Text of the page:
This is profoundly unromantic advice. We love to hear of people who "just can't help who they love," or people who "fall in love" or "find the one person meant for them." Even within the Christian circle, we love to talk about how God "had someone" for someone else for all of time. But what happens to these people when the unstoppable and uncontrollable force that prompted them to start loving, lets them stop loving, or love someone else?
What happens is a world where most marriages end in divorce, and even those that don't are often unhappy.
My marriage is not based on a set of choices over which I had no control. It is based on a daily choice to love this man, this husband that I chose out of many people that I could have chosen to love (in theory, don't imagine that many others were lined up and knocking at the door). He is not some elusive soul mate, not some divine fulfillment, not some perfect step on the rigorously laid out but oh so secret "Plan for My Life."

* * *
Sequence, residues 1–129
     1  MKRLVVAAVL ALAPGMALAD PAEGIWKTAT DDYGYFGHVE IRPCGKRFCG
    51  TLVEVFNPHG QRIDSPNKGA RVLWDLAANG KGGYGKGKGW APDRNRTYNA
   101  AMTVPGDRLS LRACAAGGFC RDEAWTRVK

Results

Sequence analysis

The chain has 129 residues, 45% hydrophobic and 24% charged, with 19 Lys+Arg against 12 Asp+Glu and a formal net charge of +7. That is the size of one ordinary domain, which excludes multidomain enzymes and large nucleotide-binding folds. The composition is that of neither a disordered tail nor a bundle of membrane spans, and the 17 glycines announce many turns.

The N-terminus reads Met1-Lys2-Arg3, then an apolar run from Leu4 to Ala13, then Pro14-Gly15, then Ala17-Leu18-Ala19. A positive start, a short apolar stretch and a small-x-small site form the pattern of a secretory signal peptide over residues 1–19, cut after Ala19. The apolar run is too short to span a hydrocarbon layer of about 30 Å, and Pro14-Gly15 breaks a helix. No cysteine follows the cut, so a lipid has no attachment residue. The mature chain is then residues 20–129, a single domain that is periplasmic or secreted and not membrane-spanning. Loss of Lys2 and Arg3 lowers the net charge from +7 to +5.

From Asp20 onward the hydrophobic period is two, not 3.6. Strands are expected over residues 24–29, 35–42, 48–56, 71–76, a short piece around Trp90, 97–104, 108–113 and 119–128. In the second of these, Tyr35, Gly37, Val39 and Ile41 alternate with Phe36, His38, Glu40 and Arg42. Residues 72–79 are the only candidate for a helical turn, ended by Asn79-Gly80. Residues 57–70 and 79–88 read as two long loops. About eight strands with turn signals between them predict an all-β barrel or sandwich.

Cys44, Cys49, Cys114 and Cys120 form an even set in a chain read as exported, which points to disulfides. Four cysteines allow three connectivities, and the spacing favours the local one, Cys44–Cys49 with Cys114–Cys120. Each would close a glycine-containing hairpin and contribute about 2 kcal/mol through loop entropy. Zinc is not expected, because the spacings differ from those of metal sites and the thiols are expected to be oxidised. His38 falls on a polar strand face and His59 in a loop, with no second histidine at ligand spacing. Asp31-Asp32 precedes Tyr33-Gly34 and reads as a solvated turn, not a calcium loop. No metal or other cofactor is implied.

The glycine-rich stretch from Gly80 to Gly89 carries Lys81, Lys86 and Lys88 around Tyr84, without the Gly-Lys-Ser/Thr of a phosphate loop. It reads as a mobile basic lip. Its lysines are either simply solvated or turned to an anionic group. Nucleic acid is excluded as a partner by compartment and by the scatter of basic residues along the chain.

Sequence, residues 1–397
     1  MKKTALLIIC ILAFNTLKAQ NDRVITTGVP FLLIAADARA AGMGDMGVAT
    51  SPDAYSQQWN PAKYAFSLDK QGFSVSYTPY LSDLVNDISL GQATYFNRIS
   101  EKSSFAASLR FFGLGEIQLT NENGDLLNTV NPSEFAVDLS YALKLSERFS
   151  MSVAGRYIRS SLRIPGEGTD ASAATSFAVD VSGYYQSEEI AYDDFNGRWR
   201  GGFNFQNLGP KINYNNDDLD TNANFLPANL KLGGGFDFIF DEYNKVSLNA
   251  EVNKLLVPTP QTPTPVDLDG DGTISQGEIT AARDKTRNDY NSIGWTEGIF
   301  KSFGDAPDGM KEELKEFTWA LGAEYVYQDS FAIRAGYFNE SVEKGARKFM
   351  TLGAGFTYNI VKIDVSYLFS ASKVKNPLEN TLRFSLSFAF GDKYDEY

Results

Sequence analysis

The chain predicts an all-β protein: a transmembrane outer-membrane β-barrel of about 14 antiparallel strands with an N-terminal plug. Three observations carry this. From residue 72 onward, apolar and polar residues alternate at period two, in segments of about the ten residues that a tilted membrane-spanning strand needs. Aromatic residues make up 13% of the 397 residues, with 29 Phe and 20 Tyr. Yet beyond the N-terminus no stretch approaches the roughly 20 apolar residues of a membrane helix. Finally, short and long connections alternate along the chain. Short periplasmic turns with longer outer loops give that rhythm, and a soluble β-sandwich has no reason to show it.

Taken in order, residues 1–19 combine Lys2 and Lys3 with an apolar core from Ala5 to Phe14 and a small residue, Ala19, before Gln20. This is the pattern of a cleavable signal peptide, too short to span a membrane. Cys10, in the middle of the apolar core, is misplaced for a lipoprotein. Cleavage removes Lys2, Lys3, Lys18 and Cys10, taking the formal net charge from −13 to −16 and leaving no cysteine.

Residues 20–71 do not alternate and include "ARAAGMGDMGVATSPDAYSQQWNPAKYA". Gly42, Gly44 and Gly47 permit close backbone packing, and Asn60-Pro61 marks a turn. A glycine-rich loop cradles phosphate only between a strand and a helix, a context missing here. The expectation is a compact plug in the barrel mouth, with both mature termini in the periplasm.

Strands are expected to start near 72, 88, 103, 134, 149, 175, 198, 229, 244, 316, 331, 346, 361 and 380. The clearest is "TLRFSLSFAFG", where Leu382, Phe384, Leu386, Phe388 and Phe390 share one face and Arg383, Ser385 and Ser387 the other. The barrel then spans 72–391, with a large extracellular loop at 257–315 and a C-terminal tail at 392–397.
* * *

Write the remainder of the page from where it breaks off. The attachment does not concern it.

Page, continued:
But he is the person that I giggly chose to go out on a date with in college. He is the person who chose to not dump me when I announced that I was moving to France for a year, then Kentucky for another year. He is the person who asked me to move to D.C. and I chose to do so. He is the person who decided to ask me to marry him and I agreed. At any step here, we could have made other choices and you know what? We might have married other people, or stayed single, and had happy and full lives.